The Painted Bird

The Painted Bird

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We laud child Holocaust survivors, but we never really want to know what they did to survive or what they experienced. And we don’t want to know what those experiences did to their souls. “The Painted Bird” gives us a gruesome glimpse of those experiences through the life of one young Jewish boy who is willing to do anything to survive.

Based on the 1965 novel by Jerzy Kosinski, this brutal depiction of a child wandering from one horror to another through Eastern Europe during the waning years of World War II was the Czech Republic’s submission for an Oscar. 

Despite its vivid portrayal of the worst that humankind has to offer, this film is a cinematic masterpiece. Juxtaposed with the cruelties of war and ignorant peasants is the beautiful countryside displayed one season after another.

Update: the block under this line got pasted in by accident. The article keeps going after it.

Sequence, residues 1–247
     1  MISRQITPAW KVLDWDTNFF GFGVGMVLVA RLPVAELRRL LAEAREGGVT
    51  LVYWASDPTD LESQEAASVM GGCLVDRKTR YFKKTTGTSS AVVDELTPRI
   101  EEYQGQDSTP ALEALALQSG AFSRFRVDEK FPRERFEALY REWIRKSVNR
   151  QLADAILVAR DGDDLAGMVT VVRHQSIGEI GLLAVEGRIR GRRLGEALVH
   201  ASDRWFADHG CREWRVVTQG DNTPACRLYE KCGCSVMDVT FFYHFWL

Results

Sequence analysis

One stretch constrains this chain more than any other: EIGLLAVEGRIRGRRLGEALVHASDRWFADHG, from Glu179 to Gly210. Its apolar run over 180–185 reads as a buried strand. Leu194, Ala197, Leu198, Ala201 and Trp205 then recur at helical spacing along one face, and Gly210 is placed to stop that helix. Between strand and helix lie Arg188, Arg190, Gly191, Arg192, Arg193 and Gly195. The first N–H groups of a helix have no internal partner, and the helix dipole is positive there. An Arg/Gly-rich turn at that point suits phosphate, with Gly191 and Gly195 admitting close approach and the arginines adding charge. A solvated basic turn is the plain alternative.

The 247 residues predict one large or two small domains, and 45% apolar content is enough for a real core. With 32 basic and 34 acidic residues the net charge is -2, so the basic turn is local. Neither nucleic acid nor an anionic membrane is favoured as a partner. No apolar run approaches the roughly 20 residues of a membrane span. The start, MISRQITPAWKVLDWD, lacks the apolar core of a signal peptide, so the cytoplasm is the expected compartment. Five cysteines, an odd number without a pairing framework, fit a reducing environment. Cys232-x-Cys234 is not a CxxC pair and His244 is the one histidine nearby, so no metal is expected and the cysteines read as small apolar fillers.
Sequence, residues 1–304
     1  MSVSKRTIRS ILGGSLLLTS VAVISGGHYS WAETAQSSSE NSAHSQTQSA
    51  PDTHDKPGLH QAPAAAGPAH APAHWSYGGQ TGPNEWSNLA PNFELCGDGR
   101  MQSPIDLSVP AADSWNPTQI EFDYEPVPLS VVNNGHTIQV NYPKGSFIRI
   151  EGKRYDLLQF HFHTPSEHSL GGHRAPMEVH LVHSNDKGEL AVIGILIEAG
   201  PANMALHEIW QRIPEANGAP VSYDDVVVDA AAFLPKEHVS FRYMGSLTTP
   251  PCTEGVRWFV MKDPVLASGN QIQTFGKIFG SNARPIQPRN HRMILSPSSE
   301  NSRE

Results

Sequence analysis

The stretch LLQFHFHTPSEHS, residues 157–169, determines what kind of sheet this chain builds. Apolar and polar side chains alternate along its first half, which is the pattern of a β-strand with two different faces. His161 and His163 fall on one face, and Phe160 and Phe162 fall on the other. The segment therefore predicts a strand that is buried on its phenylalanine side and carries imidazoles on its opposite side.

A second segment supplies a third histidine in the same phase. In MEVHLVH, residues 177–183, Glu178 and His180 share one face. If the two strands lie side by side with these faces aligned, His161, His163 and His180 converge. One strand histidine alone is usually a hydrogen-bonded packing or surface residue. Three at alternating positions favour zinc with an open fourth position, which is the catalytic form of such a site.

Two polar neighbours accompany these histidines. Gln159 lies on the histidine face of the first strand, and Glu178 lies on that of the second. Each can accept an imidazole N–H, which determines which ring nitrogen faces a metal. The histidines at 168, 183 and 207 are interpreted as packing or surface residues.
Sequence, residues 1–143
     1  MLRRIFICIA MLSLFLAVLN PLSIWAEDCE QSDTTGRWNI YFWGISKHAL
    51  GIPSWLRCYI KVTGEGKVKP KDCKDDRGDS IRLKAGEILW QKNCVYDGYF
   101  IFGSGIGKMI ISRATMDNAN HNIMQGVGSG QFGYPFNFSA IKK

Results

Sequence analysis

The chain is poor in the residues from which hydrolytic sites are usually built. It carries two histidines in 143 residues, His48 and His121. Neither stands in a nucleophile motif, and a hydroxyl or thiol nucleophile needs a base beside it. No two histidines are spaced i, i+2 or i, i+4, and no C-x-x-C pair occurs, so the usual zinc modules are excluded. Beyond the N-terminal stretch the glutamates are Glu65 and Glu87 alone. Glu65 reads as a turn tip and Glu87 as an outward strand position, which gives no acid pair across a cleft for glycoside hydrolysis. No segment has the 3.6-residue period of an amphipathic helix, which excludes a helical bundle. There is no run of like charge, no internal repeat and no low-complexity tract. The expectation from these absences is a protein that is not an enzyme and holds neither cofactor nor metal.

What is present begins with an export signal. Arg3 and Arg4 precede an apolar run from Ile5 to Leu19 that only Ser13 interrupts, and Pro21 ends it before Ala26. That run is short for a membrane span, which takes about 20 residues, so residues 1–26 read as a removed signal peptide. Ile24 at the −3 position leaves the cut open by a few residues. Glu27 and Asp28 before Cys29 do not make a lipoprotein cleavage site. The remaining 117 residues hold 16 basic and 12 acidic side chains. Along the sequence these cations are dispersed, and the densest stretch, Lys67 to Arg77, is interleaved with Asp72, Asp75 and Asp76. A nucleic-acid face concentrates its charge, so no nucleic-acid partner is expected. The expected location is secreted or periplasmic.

Although the film is subtitled, there’s not a lot of dialogue. Director Vaclav Marhoul gives voice to the characters through incredible facial portraits that speak louder than words. The cameras focus on the faces emitting emotions and reactions that can’t help but generate strong responses from viewers.

The movie opens with the boy trying to adapt to a relative’s home where his parents lodged him, hoping to keep him safe from the Nazi extermination plans. When she dies, he’s on his own. Not only does he learn how to acclimate to life in the forests, he somehow navigates himself to the seeming protection of one adult after another. He learns how to ingratiate himself with each, to stay alive. But his persistent struggle to survive is challenged by unimagined depravity as humans – men and women – sink to less than animalistic levels.

This gut-wrenching graphic film is at times simply hard to watch. But viewers who stay with it are rewarded by a story that will stick in one’s memory long after viewing — whether you want it to or not. 

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